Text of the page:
Gene interaction networks according to regulatory mechanisms.

Figure 4: Gene interaction networks according to regulatory mechanisms.

(A–C) Gene interaction networks under control of miRNAs (A), methylation (B), and CNA (C). Red and blue represent up- and down-regulation, respectively. (D) KEGG pathway analysis of genes in the three networks. The X and Y axes show the −log10 (corrected P value) and name of each pathway, respectively. MiRNA-, methylation-, and CNA-regulated groups are labeled in blue, green, and red, respectively.

The correlation between gene expression and regulatory controls was also determined for candidate genes in the miRNA and CNA groups. Inversely correlated miRNA-gene pairs were kept, leaving 467 functional pairs including 67 miRNAs and 151 genes with a criteria of r <  − 0.1 and P < 0.05. MiR-92a-3p, miR-19a-3p, and miR-19b-3p—all of which belong to the miR-17-92 oncomiR cluster—had the highest number of significant targets (Fig. 3C). These miRNAs are known to promote cell proliferation, metastasis, and drug resistance in gastric cancer (Wang et al., 2013; Wu et al., 2013; Wu et al., 2014). To evaluate the contribution of CNAs to transcriptomic changes, we performed a correlation analysis between copy number and candidate gene expression. The remaining 11 genes were with r > 0.05 and P < 0.05 (Fig. 3D). NEIL2 and CCNE1 were identified as having the highest correlation (>0.7), indicating that the expression of these two genes was strongly influenced by CNA. NEIL2 is located at 8p23.1, a region that has been linked to tumorigenesis and patient prognosis (Goh et al., 2011; Frankel et al., 2014); CCNE1 is located at 19q12, and its amplification has been shown to promote tumor cell proliferation (Leung et al., 2006).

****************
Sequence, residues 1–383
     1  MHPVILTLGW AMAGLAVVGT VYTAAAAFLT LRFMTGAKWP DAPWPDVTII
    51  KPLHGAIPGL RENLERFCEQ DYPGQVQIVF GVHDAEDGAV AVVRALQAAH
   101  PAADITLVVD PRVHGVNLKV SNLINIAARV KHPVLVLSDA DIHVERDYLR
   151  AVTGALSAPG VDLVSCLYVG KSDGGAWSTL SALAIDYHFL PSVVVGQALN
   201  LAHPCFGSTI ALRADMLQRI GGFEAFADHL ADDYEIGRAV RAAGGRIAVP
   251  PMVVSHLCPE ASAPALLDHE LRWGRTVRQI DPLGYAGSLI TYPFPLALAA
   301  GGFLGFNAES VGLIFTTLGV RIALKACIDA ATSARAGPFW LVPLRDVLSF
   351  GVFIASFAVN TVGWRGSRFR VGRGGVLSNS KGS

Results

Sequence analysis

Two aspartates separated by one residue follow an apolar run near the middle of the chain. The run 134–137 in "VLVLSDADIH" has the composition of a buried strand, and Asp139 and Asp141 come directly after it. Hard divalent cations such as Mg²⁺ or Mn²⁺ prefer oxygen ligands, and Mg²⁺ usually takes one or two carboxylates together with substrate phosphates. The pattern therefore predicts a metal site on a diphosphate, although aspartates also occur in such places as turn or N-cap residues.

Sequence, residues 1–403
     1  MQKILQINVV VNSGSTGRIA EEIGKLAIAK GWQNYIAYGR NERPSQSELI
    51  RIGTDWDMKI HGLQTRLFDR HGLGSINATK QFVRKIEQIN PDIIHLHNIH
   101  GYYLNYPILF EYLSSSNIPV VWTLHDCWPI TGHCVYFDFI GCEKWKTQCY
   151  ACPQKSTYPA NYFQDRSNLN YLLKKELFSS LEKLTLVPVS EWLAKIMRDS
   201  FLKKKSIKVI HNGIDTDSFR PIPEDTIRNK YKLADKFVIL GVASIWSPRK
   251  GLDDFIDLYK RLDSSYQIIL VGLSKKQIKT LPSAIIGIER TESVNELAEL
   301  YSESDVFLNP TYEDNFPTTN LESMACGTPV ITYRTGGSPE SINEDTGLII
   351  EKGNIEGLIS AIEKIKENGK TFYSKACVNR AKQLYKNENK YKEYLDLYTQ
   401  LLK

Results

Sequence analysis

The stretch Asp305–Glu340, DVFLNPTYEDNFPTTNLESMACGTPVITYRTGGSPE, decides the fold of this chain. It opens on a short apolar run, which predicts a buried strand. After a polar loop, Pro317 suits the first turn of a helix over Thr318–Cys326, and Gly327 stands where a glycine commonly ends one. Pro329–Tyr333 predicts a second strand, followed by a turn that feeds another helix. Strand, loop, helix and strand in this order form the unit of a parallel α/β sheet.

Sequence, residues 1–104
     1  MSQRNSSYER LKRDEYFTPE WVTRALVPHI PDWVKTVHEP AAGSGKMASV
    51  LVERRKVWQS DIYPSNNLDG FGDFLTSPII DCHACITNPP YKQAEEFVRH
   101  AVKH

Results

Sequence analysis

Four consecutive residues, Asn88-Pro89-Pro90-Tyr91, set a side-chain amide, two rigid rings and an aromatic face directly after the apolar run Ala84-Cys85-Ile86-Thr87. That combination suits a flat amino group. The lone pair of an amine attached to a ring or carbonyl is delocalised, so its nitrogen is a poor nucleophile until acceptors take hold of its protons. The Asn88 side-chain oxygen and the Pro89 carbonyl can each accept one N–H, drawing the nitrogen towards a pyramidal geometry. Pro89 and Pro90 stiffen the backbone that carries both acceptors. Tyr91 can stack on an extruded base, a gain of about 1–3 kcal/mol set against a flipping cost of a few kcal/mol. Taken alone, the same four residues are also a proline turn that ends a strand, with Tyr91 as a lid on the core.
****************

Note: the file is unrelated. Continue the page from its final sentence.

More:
Gene network construction according to regulatory mechanisms

DEGs are not independent from each other but form regulatory networks under the control of different factors. Also, only a small group of DEGs are directly regulated by regulatory changes; most are indirectly controlled, in some cases regulated by those directly affected genes (Mine et al., 2013). Based on this information, we generated networks under different regulatory mechanisms consisting of candidate genes that were directly regulated and their differentially expressed first neighbors. A total of 415, 228, and 233 genes constituted three networks which were under control of miRNA, methylation, and CNA, respectively (Figs. 4A4C). Functional enrichment analysis revealed that genes in the miRNA regulatory network were mainly associated with the cell cycle, P53 signaling, DNA replication, HTLV-1 infection, and cancer-related signaling pathways, whereas those in the methylation regulatory network were mainly involved in the cell cycle, P53 signaling, and DNA replication. Genes in the CNA regulatory network were also associated with the cell cycle- and cancer-related signaling pathways (Fig. 4D). Cell cycle-related pathways (i.e., cell cycle, P53 signaling, and DNA replication), viral carcinogenesis, HTLV-1 infection, and the progesterone-mediated oocyte maturation pathway were common to the three groups. The identification of cell cycle associated pathways indicates that aberrant cell cycle control is a critical feature of gastric cancer, as it is for most tumors (Sherr, 1996).

Topological analysis and key gene identification

To identify hub genes in each network, we calculated the parameters of degree, betweenness, and closeness for each node (Table S4). For the miRNA regulatory network, the candidate genes SRC, KAT2B, and NR3C1 were identified as hubs, as they ranked top 10 under at least two parameters. In the methylation regulatory network, candidate genes MCM2 and PRKDC were identified as hubs. In the CNA regulatory network, the candidate genes BLM, CCNE1, and PARK2 were hubs. These eight genes were regulated by upstream regulatory controls and in turn acted on downstream effectors, and could therefore be taken as key genes (Table 2). Furthermore, as the candidate gene CDK6 ranked top 10 in two networks (miRNA and CNA controlled networks) for its degree, we also took it as key gene. CDK6 encodes a cell cycle regulatory protein and is frequently amplified in gastric cancer (Ooi et al., 2017). We found here that CDK6 was regulated by miR-137 and miR-145-5p, consistent with previous reports (Shao et al., 2013; Zheng et al., 2015). Interestingly, four of the identified key genes (CDK6, MCM2, PRKDC, and CCNE1) are on the cell cycle pathway, underscoring the importance of this process in gastric cancer (Table 2).